News coverage of the war, focusing on the risks of duty halfway across the world, stirred her husband’s resolute commitment. “When she returns from her tour of duty in Iraq, not if,” he recalled, “I knew that we’d have to make a lasting statement. Our daughter Courtney and I would support her throughout the entire tour, and especially when Sue returned.”
Sue’s departure was, of course, a sad and anxious occasion. Tears rolled and promises were made. Sue vowed that this would be her last tour of duty, the longest yet away from her family. Just before she boarded the jet that would take her away, she spoke the words Preston and Courtney had hoped to hear for years. “I’ll retire when this one’s done.”
BOMBS AWAYIt wasn’t long before the reality of overseas duty sank in - over there and at home. Six months was a long separation, but each passing day brought them 24 hours closer to each other and the comforts of home. For Sue, the worst part was the inability to be with her family. But close behind that sadness was the fear of attack. Enemy rockets slammed into her facility occasionally, and the sound of distant gunfire was a constant reminder of the very real threat of serving there.
Preston, owner of a custom welding operation based in Honolulu, was now tasked with the responsibilities of maintaining the household while also serving as his teenage daughter’s mentor and guide. “It was a very stressful period for all of us,” said Preston. “Courtney and I could only imagine how things were for Sue.”
For her part, Sue characteristically made light of the situation there. One day a missile landed within the compound and shattered a bank of portable toilets. Plastic parts and, well, other debris flew in all directions. A senior officer was caught, quite literally, with his pants down, a bit dirtier than when he entered the latrine; shaken but unhurt. “It was a scene right out of ‘MASH.’ ” exclaimed Sue. “We must’ve told that story a hundred times and with as many variations.”
The worst part of Sue’s experience in Iraq was the endlessness of it and the fatigue. She struggled with the long hours of work, dismal working conditions, and the stress of being in such close confines with a small group of people. “We all hated being there, but yet at the same time we knew our service was helping to save lives,” she said. “Most who serve there stay longer than I did, and many had much harder, more dangerous duty. I was blessed to get out of there after just six months, alive and in one piece.”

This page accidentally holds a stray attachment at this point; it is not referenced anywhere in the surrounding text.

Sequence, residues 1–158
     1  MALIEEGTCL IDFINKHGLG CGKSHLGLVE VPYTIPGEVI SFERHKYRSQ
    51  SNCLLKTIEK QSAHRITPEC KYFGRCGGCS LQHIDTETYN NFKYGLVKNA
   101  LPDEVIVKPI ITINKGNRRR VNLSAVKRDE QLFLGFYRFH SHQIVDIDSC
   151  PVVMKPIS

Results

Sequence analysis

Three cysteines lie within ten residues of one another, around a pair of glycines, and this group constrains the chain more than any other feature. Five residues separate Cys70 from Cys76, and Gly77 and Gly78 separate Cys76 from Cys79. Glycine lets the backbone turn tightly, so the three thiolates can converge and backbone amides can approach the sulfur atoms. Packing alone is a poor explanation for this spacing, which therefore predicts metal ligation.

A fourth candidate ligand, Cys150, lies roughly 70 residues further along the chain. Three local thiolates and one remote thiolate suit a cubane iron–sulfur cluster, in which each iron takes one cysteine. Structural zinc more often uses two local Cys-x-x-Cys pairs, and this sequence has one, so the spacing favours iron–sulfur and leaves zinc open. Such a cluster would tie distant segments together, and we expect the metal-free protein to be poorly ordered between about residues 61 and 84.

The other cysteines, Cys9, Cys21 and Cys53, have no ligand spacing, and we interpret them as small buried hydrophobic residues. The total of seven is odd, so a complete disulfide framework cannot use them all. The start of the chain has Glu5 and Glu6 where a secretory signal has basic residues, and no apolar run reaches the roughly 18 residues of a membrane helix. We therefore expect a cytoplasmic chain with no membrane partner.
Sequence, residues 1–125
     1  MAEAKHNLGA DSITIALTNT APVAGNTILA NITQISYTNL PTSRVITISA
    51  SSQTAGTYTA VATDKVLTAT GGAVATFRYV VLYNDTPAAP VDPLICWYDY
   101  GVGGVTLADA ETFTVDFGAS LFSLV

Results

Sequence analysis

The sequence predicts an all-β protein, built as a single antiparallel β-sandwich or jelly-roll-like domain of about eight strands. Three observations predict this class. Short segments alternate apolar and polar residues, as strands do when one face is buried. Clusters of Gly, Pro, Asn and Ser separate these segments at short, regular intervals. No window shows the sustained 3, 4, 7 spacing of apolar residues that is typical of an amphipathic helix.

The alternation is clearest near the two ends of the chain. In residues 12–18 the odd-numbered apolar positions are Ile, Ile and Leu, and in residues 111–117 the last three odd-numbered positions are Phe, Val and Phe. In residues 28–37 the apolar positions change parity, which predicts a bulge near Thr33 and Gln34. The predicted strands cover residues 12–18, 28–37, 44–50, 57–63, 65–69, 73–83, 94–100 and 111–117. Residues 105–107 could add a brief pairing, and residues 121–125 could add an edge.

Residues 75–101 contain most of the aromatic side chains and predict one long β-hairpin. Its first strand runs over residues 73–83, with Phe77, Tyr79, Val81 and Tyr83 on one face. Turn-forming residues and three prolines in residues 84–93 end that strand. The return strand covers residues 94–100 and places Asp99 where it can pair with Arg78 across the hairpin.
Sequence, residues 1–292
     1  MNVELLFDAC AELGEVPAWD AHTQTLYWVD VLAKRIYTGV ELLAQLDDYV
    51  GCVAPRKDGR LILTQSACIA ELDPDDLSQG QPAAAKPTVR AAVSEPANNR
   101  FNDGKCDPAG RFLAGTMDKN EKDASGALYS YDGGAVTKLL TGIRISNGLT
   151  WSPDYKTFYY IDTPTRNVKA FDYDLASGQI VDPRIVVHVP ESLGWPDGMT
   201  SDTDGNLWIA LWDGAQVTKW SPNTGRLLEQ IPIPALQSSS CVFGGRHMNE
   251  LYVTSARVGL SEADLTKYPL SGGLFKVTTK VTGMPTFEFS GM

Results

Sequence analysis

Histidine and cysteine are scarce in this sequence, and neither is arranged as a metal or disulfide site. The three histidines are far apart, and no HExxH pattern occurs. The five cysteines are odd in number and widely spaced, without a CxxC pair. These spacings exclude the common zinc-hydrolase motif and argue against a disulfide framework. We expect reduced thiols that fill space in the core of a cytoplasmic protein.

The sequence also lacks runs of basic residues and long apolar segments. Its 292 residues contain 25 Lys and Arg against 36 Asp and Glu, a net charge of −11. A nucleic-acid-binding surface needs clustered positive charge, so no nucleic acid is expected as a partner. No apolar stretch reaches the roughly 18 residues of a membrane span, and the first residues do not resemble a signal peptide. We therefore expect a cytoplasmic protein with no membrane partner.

SHOCK AND AWE MAKEOVERMeanwhile, back at the ranch, Preston and Courtney, 18, helped move Sue through each passing day with stories from home and digital photos, e-mailed to Sue. But they also conspired to make Sue’s return home the best it could be.
“We wanted to dazzle her,” said Preston. “That meant Courtney and I would need to join forces with some furniture stores, a flooring company, a paint supplier, and plenty of folks in the HVAC and plumbing and mechanical industry. We also vowed not to say a word. We didn’t have a lot of bucks to work with, so we’d have to do a lot of the labor ourselves.”
Preston admitted that the home was ready for some updates. The 1,400-square-foot, three-bedroom house, built in 1994, hadn’t seen much change since its construction. “Overall, we like the home a lot, the neighborhood, and its location. But I knew that if we were ever to make the improvements we wanted, this was the moment to make ’em happen.”
To entertain themselves, and to add credence to their claim that all was quiet on the home front, Preston and Courtney took photos of each other in the house with dirty clothes strewn about, pots and pans left untouched in the kitchen, and pets pawing around on unmade beds.
“We wanted to deliver ‘shock n’ awe’ surprise when she came home,” exclaimed Preston. “Fireworks, tremors, complete amazement. That’s what we were after. So that meant we had to punch holes in any expectations about what she was returning to!”
Unknown to Sue, Preston and Courtney toiled away. They replaced carpeting and some of the curtains, painted most of the rooms and hallway, replaced plumbing fixtures, bought new furniture and a flat screen TV, painted the exterior, and planted a bunch of shrubs outside.
“We couldn’t do everything we wanted to do, even with six months to make it happen,” said Courtney. “So dad and I decided that only two things would remain, and we’d get them done after her return.”
WELCOME HOMESix long, difficult months later, Sue boarded the flight that brought her home. Tears fell again at the airport, but this time they were crying for joy; it was over. As they drove into the neighborhood, Courtney applied a blindfold around her mother’s eyes. When she first saw the house, Sue was surprised at every turn.